The harsh world of the Atacama Desert
This desert, which is the only one of its kind on Earth, is one of the most inhospitable regions of the planet, where altitudes of between 2400 and 4500 metres, extreme temperature stress in the upper elevations, high salinity at lower altitudes, low soil nitrogen content and very strong light levels, conspire to create the harshest of conditions for the small group of plants that grow there. In light of the ongoing climate emergency, the team chose to explore the mechanisms by which these plants adapt to the extreme conditions using the science of metabolomics, the study of all molecules involved in a living plant’s metabolism.
Revealed: plants use the same strategies to adapt to extreme environments
Predictive metabolomics is an innovative technique that has made it possible for scientists from INRAE working on resilience mechanisms to analyse nearly 5000 metabolic markers from the 24 dominant plant species growing at a range of different altitudes in the Atacama. Their use of statistical processing, based on machine learning1, enabled them to identify 39 compounds that were present in all species studied, sufficient to predict a plant’s immediate environment with a 79% accuracy rate. The team was successful in linking the variations it observed in these molecules to a number of environmental stress factors such as freezing temperatures, water deficit and strong light.
The study also demonstrates that very different wild species adopt the same evolutionary metabolic strategies to adapt and develop resilience in extreme environmental conditions. Remarkably, predictors identified by the team are also to be found in crop species grown elsewhere such as Poaceae (including maize), Fabaceae (peas), Solanaceae (tomatoes) and Asteraceae (sunflowers). Currently, the development of a new plant species to match chosen environmental criteria (such as frost resistance) demands a decade of work by scientists and producers. Use of the multi-species approach that has benefited this study would vastly reduce this time-scale, allowing growers to adapt more speedily to the constraints of climate change.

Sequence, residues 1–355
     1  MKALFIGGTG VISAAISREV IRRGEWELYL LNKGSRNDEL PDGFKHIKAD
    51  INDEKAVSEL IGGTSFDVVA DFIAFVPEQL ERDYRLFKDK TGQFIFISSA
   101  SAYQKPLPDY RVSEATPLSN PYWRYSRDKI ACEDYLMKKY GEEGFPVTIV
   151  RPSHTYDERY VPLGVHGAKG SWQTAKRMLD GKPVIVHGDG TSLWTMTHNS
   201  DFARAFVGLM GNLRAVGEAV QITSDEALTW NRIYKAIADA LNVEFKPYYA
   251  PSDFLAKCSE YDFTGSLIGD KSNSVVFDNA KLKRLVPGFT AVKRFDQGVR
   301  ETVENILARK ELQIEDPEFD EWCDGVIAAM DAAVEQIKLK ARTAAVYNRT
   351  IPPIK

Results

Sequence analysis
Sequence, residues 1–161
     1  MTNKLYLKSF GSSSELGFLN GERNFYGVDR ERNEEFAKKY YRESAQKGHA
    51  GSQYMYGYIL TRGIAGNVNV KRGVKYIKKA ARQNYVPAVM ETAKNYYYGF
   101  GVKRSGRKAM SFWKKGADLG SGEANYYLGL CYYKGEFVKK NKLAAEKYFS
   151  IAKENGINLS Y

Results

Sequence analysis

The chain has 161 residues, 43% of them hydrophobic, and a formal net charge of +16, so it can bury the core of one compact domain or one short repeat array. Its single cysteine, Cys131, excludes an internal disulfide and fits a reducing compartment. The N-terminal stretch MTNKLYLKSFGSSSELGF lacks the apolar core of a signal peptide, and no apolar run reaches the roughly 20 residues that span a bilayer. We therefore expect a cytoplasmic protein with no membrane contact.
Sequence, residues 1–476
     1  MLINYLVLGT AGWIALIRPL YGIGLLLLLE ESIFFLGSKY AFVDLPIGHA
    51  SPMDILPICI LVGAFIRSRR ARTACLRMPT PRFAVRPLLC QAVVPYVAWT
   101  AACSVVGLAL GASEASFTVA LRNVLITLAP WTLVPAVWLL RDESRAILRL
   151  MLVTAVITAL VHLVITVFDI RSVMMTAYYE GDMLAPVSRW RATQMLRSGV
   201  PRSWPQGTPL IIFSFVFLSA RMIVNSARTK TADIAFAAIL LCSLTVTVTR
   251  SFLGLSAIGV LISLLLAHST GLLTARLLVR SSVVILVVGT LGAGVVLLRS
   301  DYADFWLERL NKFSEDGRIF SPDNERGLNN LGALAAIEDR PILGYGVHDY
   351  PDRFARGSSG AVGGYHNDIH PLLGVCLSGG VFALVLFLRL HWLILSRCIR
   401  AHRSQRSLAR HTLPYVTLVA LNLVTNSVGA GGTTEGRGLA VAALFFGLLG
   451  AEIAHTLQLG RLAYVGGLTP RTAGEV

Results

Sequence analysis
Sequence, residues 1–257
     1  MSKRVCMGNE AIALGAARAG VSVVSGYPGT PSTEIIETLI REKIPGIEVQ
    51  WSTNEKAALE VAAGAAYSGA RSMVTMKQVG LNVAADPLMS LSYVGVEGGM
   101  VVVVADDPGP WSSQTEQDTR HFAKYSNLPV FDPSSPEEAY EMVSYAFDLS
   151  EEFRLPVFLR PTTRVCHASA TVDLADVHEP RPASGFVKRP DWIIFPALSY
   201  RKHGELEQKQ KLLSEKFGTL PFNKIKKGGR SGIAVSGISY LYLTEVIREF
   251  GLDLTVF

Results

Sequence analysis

Dussarrat, T., Prigent, S., Latorre, C., Bernillon, S., Flandin, A., Díaz, F. P., et al. (2022). Predictive metabolomics of multiple Atacama plant species unveils a core set of generic metabolites for extreme climate resilience. New Phytologist, nph.18095. DOI:10.1111/nph.18095.
 Machine learning involves a statistical approach that enables machines to learn automatically from algorithms, often using very large data sets.